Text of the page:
Books

BOOK REVIEW: ‘Gigged: The End of the Job and The Future of Work’ by Sarah Kessler

c.2018, St. Martin’s Press
$25.99 ($33.99 Canada)
289 pages

Your allowance was never enough as a kid.

Oh, sure, it bought you what you needed but what you wanted, well, you had to figure that out yourself. A dime here, a dollar there, little chores-for-pay, tasks for Grandma and you made it work. And as you’ll see in the new book, “Gigged” by Sarah Kessler, some things never change.

Back in 2011, when she was a reporter for a tech blog, Sarah Kessler became aware of a new start-up that utilized nontraditional workers in nontraditional ways. It was called Uber, and its business concept seemed unusual; having grown up in rural Wisconsin, Kessler had no frame of reference, and she paid it little heed.

Eventually, though, she began to see that the model Uber was using — modified in so many ways — was being used for a lot of start-ups and could, potentially, benefit a lot of people. Was this gig economy really the way of the future?

It had been around awhile: in the early 1970s, Kelly Girls were available for temp work; becoming a Kelly Girl was advertised as a way to pay for life’s extras. But, no surprise, research showed then — as it does now — that temp working and gig economy jobs are taken more as a way to make ends meet.

Intrigued, Kessler began following a few people who paid the bills with a string of nontraditional jobs they took for a variety of reasons. She followed an African-American man who tried to bring the gig economy to his impoverished and not-so-mobile town. Other profiles were of the young and tech-savvy (or learning). Their backgrounds varied, as did their races; in other words, they fit in with the average gig worker, the numbers of which “grew 47-fold between 2012 and 2015.”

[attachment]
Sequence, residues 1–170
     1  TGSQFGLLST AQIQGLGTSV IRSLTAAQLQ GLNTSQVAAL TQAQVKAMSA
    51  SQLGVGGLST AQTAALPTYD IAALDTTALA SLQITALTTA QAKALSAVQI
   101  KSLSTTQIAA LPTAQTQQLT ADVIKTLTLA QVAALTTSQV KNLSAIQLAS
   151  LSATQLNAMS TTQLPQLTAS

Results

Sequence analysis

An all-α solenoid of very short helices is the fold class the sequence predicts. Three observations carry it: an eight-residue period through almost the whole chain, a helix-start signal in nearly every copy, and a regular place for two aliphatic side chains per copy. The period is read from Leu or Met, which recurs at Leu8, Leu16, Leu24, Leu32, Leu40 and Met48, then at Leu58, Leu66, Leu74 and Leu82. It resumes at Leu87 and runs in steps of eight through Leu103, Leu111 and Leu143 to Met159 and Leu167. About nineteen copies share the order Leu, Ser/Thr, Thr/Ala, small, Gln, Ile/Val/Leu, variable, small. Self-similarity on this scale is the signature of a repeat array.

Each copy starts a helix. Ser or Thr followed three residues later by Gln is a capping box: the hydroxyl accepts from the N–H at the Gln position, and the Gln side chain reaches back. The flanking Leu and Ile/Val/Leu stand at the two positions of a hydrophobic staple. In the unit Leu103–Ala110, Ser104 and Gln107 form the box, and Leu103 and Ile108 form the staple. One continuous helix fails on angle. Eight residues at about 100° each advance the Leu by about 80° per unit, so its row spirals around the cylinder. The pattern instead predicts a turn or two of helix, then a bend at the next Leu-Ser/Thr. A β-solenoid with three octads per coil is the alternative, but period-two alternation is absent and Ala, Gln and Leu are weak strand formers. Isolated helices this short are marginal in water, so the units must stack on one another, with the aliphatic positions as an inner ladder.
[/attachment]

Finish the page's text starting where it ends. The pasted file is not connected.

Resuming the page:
While gig-working did indeed pay the bills for Kessler’s subjects, she also learned that it was not all good. Yes, there was “independence, flexibility and freedom” but at what price? For workers, it offered often-low pay, few-to-no benefits, and no safety net. For employers, it saved money, but the hassles were daunting and “churn” could churn one’s stomach …

So is this “what the future might look like,” as author Sarah Kessler says? In “Gigged,” she offers some tantalizing clues and more than one caveat.

For anyone who’s stuffed envelopes for pennies, or wondered if there’s real cash to be made gigging, this book sets it straight: Kessler’s subjects made money but it was hard, hard work and none of them are still gig-economy workers. Recommendations are sparse. That says a lot.

For business owners, it’s more complicated: temp workers and small tasks seem to go hand in hand, but Kessler outlines many laws and rules that might make your head rotate like a spin mop. And, as it appears, further legislation is coming …

Readers would be correct in assuming that we haven’t heard the final word on this subject. Change occurs frequently. In the meantime, “Gigged” is interesting, informative, and timely — and until the dust has settled, that’ll have to be enough.

Tags
Show More

Related Articles

Leave a Reply

Your email address will not be published. Required fields are marked *


By submitting this form, you are consenting to receive marketing emails from: Washington Informer Newspaper, 3117 Martin Luther King Jr. Ave SE, Washington, DC, 20032, http://www.washingtoninformer.com. You can revoke your consent to receive emails at any time by using the SafeUnsubscribe® link, found at the bottom of every email. Emails are serviced by Constant Contact

Back to top button

My News Matters to me - Washington Informer Donations

Be a Part of The Washington Informer Legacy

A donation of your choice empowers our journalists to continue the work to better inform, educate and empower you through technology and resources that you use.

Click Here Today to Support Black Press and be a part of the Legacy!

Subscribe today for free and be the first to have news and information delivered directly to your inbox.


By submitting this form, you are consenting to receive marketing emails from: Washington Informer Newspaper, 3117 Martin Luther King Jr. Ave SE, Washington, DC, 20032, http://www.washingtoninformer.com. You can revoke your consent to receive emails at any time by using the SafeUnsubscribe® link, found at the bottom of every email. Emails are serviced by Constant Contact
Close

Adblock Detected

Please consider supporting us by disabling your ad blocker